Flooding: Everyone is Exposed, Few are Insured, But New Options Entice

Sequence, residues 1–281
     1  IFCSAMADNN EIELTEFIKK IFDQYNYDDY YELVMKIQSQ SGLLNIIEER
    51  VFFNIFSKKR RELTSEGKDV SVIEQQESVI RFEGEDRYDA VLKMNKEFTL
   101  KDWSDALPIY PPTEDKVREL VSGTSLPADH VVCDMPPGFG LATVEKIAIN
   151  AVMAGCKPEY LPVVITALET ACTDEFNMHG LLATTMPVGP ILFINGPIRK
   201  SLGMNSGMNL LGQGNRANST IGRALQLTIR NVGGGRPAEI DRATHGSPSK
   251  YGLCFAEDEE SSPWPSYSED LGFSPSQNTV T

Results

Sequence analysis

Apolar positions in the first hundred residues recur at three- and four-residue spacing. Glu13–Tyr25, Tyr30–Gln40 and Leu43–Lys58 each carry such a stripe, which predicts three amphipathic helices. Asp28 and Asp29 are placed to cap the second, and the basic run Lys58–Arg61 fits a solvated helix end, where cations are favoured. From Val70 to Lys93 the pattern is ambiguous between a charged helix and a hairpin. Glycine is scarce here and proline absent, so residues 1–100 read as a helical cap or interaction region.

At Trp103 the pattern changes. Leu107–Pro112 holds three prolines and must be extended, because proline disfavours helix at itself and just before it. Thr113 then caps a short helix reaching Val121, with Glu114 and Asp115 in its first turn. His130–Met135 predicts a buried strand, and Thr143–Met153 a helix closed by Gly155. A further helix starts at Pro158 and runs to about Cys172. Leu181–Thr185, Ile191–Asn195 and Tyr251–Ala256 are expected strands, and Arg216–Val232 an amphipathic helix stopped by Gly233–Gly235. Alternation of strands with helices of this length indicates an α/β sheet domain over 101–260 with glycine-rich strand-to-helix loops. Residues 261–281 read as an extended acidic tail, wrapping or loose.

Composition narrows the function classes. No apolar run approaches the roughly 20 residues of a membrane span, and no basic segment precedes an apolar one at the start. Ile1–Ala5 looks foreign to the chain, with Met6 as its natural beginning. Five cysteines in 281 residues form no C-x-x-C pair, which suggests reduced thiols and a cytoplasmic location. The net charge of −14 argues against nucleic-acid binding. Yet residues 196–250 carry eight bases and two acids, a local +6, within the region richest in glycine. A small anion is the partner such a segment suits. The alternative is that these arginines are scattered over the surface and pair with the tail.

Flooding is the most common and costly type of disaster in the United States, yet very few property owners are even partially insured for flood loss. 1 The federal government and private insurers are working to change that by promoting the development and purchase of private market flood insurance. There has been some progress to date, but the “take-up” rate for flood coverage still lags far behind the exposure. During the two biggest flood events of the past decade —“Superstorm” Sandy which struck the Northeast in 2012, and Hurricane Harvey which inundated the Houston area in 2017 — fewer than 20 percent of the homes affected had flood insurance. 2 FLOODING: Everyone is Exposed, Few are Insured, But New Options Entice Disasters of all types have increased in recent years, but none more so than flooding. Once associatedmainly with coastal and vulnerable lowland areas, floods are now impacting regions where they have never historically been considered a significant threat. Compounding the devastation wherever flooding occurs has been the fact that flood damages are not covered in a standard homeowner or commercial insurance policy unless additional flood coverage is offered through a specific endorsement. Most commonly a property owner’s only recourse has been to purchase the protection through the National Flood Insurance Program (NFIP). But that is changing. As author Joseph Harrington explains in this issue of Adjusting Today,® while the NFIP continues to be a viable option, the availability of coverage fromprivate insurers is growing. Mr. Harrington discusses the protection private insurers are offering and compares it to the features of the federal program. It is vital reading for all of those who now face the more widespread risk of flooding. Sheila E. Salvatore Editor FROM THE EDITOR publication years in + ADJUSTINGTODAY ® Adjusters International Disaster Recovery Consulting By Joseph S. Harrington, CPCU, ARP